Do you have plans for future books, and if so, what do you have in mind?
My second book, a collection of prayers I compiled, commissioned and edited for the University of Notre Dame, is going to press this week! The Notre Dame Book of Prayer, published by Ave Maria Press, will come out in September and is a beautiful gift book for anyone who loves Notre Dame. It’s been a huge project for the past two years, so I think I’m going to take a break from book writing for a little while.
Heidi, I just have to say thank you. Your book was a true gift to me, not only in the way it shed light on what others I know have gone through in welcoming their adopted children into their homes, but in reminding me that most really wonderful things in life require a wait of some sort, but that the waiting does eventually cease.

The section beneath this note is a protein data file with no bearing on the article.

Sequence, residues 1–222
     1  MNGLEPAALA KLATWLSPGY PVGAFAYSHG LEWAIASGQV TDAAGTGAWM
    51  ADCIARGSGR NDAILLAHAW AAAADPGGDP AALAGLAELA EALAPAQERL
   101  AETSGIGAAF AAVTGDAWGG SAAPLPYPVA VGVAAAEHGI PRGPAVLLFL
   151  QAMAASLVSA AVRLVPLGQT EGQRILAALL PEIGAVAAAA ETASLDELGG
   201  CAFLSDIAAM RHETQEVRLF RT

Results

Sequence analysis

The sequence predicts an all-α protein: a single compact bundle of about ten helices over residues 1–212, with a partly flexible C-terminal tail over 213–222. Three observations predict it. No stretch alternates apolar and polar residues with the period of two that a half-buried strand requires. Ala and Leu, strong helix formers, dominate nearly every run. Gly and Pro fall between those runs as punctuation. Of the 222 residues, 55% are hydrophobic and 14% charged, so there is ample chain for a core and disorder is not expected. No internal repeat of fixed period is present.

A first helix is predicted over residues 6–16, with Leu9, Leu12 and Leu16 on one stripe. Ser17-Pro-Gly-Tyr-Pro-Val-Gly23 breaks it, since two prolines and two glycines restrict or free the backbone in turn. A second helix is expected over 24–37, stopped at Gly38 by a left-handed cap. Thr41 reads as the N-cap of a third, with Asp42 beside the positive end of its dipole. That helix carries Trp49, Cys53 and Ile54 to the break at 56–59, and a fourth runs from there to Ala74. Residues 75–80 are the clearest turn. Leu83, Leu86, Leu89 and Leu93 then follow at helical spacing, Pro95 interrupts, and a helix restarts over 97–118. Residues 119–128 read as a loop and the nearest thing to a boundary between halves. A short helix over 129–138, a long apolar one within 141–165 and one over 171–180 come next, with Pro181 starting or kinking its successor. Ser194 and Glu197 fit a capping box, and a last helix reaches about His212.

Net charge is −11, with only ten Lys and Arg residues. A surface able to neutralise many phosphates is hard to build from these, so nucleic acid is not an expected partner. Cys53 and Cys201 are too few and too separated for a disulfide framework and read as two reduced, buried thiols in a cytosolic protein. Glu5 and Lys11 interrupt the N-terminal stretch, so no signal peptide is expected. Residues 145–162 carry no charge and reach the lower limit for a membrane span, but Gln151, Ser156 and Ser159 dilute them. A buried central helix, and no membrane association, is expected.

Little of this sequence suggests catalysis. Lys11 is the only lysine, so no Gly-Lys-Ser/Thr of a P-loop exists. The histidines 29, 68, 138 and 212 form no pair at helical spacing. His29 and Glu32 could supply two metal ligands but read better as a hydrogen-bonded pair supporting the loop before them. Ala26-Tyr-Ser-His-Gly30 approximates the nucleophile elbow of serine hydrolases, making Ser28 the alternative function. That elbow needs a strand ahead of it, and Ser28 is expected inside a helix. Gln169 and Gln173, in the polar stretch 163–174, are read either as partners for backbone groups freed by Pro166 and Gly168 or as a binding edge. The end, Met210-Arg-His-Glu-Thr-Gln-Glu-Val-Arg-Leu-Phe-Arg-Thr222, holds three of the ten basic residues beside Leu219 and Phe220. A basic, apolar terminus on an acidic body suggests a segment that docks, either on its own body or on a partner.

Thank you, Roxane. And your blog is a gift to so many, so thank you for letting me talk about my book here. Here’s the Amazon link to While We Wait: http://www.amazon.com/While-We-Wait-Spiritual Practical/dp/0879464062/ref=sr_1_3?ie=UTF8&s=books&qid=1274105606&sr=8-3
And thank you, Heidi, for gracing Peace Garden Writer with details of your book and life as a mother.
Q4U: Feel free to ask Heidi a question, or answer this: What are you waiting on these days?